Let's Be Cops!
21 Jump Street (2012)
As we noted in the review of Mrs. and Mrs. Smith, making an action-comedy is a delicate balance. It's very easy to go too far in one direction, making something that's much more of a comedy, or the other, and then you have an action film with some funny (and often forced) one-liners. A proper action-comedy has to tread a very fine line to sit comfortably in both genres at the same time, and few films are able to pull that off. The 21 Jump Street film from 2012 doesn't ride that line at all, but I don't think that's a bad thing.
Let's be honest: the whole concept of the original 21 Jump Street (the TV series that started back in 1987) is pretty dumb: cops that pretend to be kids so they can hide out in high school and bust teenage crimes. It's something where you have to go, "wouldn't the kids easily see that there are adults wandering around dressed like kids?" and plenty of movies and shows have mocked that exact joke. By the time a movie was going to be based on the series, arriving 25 years after the original series, its would have to be a parody to essentially make it work, and that's exactly what the film goes for.
Thing is, I like that idea. I think it works much better as a comedy that then works a bit of action in at times for the sake of the cop-side of the storyline. If the film had tried to go more series, to maybe match the tone of the original series, it would have been laughable. Instead, though, the film knows how silly this whole idea really is and it buys in on that. Instead of wearing a straight face and feeling like a farce that doesn't understand it's a farce, the film starts of as a comedy and plays everything for laughs. It works much better and ends up being insanely watchable because of it.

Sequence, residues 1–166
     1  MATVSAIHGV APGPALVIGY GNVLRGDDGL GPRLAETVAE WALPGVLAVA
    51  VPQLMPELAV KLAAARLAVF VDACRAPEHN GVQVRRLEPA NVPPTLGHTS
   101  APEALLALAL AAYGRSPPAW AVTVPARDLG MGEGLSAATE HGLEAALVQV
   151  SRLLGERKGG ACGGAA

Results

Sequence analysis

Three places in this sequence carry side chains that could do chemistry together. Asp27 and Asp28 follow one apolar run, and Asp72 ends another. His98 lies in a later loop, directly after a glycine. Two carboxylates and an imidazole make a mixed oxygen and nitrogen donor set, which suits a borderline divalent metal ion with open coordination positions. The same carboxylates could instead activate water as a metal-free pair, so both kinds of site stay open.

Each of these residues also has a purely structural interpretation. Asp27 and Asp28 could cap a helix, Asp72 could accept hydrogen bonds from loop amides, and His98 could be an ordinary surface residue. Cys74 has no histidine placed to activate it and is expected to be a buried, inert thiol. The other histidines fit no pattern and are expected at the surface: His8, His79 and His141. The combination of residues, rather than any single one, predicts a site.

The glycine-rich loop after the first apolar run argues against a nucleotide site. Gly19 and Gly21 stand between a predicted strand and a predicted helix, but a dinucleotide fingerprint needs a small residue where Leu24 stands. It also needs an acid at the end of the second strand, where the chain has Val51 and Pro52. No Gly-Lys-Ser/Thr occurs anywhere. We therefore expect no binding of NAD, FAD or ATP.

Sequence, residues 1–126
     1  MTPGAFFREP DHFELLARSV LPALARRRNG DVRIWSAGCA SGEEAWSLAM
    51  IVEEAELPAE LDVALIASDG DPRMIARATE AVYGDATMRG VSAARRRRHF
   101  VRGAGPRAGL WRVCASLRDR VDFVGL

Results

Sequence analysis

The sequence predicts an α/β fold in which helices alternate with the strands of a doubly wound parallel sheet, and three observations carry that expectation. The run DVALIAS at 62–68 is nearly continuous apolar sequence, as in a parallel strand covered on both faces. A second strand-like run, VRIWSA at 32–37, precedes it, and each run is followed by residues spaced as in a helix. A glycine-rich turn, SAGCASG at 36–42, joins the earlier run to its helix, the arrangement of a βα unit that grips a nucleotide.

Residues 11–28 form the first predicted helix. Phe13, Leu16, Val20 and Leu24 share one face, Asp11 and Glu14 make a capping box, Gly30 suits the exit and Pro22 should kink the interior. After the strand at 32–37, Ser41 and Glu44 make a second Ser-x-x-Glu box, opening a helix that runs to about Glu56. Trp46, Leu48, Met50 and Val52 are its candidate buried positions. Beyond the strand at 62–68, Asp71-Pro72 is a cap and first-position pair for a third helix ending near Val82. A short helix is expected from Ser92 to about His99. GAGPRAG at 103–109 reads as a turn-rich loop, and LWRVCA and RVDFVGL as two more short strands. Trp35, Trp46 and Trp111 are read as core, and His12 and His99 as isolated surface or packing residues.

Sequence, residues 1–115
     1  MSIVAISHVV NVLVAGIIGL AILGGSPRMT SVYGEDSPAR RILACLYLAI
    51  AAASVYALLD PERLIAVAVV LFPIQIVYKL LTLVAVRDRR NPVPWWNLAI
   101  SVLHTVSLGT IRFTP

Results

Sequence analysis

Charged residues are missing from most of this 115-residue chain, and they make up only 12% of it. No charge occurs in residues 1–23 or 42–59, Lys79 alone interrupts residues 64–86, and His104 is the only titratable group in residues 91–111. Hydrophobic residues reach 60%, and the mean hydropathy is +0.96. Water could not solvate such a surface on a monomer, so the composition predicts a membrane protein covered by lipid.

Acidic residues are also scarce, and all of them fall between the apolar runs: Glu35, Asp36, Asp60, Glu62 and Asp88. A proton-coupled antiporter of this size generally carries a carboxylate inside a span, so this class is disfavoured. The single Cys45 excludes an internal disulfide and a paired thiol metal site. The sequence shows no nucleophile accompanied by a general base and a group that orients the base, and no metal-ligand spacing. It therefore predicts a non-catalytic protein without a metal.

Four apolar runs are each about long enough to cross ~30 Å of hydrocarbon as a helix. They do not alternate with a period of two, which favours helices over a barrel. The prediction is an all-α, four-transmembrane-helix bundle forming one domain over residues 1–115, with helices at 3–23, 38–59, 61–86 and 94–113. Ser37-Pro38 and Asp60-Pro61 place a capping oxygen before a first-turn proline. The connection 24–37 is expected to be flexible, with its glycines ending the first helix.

The movie introduces us to nerdy kid Schmidt (Jonah Hill) and dumb cool guy Jenko (Channing Tatum) back when they were both in high school. Schmidt isn't liked by anyone, and while Jenko was the popular guy, he came within inches of flunking out of school, even being barred from prom because his grades sucked. After an initial intro, we jump ahead seven years to find them both enrolled in the police academy. Schmidt sucks as the physical classes, Jenko sucks at the written stuff, but by teaming up and getting over their adversarial roles from high school, the two lift each other up and graduate, becoming cops and partners.
Their first beat, though, puts them as bike cops protecting a city park. When their big "bust" goes south and their perps escape, the guys are then sent to an "old program we've recycled" because "the guys in charge are out of ideas: 21 Jump Street. There the guys are given a new assignment: to go to high school and infiltrate the social groups so they can find the dealers, and supplier, of a new party drug and take it out before the drug can spread to other schools. Only issue is that their two roles are switched accidentally with Schmidt getting the jock role while Jenko is sent to the nerdy classes. Together they have to make this work, and find a way to pull of the case, without somehow getting expelled in the process.